Political Science > Environmental Policy

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International Monetary Fund. Monetary and Capital Markets Department
Swedish banks are in general mainly exposed to the effects of climate change through loans that are collateralized by real estate properties and lending to high-emission industries.
The Netherlands has committed to the EU’s ambitious targets for cutting greenhouse gas emissions by 2030 and emissions neutrality in 2050 but at the same time is also vulnerable to sea-level rise and flood risks. This paper reviews recent mitigation policy initiatives in the Netherlands, including carbon levies for the industry and power sectors, energy and car tax reforms, and air passenger taxes, and recommends some modifications to these initiatives. The paper also provides assessments of hazards and macroeconomic risks from weather shocks and climate change and assesses the adaption plan against key principles on mainstream climate change into macro-fiscal planning.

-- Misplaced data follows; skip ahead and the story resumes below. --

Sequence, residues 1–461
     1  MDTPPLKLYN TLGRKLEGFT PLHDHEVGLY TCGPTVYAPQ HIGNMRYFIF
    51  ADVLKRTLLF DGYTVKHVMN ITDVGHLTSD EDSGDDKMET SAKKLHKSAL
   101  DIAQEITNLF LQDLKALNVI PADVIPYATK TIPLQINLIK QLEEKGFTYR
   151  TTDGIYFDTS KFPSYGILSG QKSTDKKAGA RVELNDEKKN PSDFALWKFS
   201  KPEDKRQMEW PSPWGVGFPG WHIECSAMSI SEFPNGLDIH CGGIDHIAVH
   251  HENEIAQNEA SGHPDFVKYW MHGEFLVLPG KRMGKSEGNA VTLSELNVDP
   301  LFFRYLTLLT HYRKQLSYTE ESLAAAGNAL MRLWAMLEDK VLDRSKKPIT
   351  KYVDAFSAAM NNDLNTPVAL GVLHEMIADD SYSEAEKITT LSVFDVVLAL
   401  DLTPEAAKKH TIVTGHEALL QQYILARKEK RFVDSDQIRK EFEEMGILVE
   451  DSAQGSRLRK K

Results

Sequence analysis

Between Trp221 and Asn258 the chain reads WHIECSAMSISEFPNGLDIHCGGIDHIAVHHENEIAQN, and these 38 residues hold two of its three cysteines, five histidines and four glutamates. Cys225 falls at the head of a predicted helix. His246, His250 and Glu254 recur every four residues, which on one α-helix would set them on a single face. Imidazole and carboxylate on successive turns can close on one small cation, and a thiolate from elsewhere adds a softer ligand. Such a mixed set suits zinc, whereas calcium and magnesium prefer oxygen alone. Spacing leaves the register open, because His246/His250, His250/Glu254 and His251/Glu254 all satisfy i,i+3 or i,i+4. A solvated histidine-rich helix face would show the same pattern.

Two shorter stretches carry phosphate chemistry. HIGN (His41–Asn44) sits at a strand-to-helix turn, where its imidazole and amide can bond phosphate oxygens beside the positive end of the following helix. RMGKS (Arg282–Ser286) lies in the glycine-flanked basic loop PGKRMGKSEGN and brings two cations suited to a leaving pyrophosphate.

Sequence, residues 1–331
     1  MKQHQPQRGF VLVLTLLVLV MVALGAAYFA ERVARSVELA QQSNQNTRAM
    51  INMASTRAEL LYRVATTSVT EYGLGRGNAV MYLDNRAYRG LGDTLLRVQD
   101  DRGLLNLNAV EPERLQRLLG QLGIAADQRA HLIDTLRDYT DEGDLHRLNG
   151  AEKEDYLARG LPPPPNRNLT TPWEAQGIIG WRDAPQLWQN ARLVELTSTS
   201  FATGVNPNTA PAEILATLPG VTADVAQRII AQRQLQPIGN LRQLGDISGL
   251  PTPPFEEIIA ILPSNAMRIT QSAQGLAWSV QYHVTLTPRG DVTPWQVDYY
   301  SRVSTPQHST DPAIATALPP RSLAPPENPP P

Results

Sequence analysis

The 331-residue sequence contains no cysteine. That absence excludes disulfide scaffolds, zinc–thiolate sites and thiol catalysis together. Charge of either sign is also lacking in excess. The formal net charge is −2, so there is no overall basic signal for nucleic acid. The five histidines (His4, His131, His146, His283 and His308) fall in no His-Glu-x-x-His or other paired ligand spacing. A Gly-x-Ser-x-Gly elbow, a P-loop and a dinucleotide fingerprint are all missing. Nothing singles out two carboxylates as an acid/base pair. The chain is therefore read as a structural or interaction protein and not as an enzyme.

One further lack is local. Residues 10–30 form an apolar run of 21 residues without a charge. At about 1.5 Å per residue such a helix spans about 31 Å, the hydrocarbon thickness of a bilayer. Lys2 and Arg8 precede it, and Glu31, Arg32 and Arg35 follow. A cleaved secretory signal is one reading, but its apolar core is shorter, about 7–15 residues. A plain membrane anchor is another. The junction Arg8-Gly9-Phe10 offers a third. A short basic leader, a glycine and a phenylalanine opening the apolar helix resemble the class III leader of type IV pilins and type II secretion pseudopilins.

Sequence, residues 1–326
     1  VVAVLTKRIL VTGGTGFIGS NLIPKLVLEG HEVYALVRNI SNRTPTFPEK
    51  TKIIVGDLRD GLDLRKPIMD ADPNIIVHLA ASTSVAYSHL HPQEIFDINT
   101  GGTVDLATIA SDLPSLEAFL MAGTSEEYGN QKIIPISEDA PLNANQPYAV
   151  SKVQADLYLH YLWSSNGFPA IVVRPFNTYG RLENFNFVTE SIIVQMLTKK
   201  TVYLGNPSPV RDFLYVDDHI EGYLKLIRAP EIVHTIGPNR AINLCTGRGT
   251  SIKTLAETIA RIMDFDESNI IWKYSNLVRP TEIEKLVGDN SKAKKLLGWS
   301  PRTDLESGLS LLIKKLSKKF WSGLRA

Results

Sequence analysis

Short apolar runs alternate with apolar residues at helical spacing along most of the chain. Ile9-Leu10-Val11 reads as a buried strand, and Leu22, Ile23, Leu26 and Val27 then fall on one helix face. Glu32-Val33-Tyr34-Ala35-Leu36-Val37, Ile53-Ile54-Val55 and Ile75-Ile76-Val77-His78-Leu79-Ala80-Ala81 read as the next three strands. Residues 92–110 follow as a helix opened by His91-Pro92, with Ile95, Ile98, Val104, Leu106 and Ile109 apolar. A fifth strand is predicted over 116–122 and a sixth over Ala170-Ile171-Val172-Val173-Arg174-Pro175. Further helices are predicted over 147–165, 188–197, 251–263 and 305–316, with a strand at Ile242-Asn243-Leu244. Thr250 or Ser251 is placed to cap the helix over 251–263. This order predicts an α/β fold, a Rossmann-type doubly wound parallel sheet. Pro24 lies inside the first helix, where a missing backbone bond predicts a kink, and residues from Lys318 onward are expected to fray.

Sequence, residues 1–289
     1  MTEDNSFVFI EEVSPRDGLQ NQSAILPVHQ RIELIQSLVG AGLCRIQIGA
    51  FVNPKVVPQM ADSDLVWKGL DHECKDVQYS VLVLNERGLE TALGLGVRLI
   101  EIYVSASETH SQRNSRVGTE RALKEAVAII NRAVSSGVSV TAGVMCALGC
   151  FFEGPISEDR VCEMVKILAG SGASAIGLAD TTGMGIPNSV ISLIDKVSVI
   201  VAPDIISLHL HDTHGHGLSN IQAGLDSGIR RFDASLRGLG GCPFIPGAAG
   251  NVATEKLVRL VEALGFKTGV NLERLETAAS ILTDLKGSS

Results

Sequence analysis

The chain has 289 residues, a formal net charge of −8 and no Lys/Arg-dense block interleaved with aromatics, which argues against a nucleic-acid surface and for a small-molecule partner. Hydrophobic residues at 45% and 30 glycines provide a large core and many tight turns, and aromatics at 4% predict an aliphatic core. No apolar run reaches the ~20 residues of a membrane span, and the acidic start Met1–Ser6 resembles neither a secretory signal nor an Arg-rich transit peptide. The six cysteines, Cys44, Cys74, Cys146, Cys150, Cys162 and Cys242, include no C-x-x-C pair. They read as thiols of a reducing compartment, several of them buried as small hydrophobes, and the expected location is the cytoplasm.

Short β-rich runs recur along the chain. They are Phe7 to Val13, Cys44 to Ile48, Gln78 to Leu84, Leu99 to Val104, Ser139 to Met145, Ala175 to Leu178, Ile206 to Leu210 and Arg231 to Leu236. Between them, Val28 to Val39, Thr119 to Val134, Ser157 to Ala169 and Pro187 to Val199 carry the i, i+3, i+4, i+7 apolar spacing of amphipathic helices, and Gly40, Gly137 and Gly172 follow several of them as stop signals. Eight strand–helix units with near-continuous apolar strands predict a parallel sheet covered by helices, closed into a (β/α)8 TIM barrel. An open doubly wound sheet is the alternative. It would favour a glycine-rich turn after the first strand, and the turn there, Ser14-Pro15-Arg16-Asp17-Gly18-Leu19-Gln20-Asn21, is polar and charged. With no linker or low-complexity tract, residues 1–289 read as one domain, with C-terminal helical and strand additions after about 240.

Torsten Ehlers, Ulrike Elsenhuber, Kumar Jegarasasingam, and Eric Jondeau
Environmental, Social, and Governance (ESG) scores are a key tool for asset managers in designing and implementing ESG investment strategies. They, however, amalgamate a broad range of fundamentally different factors, creating ambiguity for investors as to the underlying drivers of higher or lower ESG scores. We explore the feasibility and performance of more targeted investment strategies based on specific ESG categories, by deconstructing ESG scores into their granular components. First, we investigate the characteristics of the various categories underlying ESG scores. Not all types of ESG categories lend themselves to more focused strategies, which is related to both limits to ESG data disclosure and the fundamental challenge of translating qualitative characteristics into quantitative measures. Second, we consider an investment scheme based on the exclusion of firms with the lowest scores in a given category of interest. In most cases, this strategy allows investors to substantially improve the ESG category score, with a marginal impact on financial performance relative to a broad stock market benchmark. The exclusion results in regional and sectoral biases relative to the benchmark, which may be undesirable for some investors.We then implement a “best-in-class” strategy by excluding firms with the lowest category scores and reinvesting the proceeds in firms with the highest scores, maintaining the same regional and sectoral composition. This approach reduces the tracking error of the portfolio and slightly improves its risk-adjusted performance, while still yielding a large gain in the targeted ESG category score.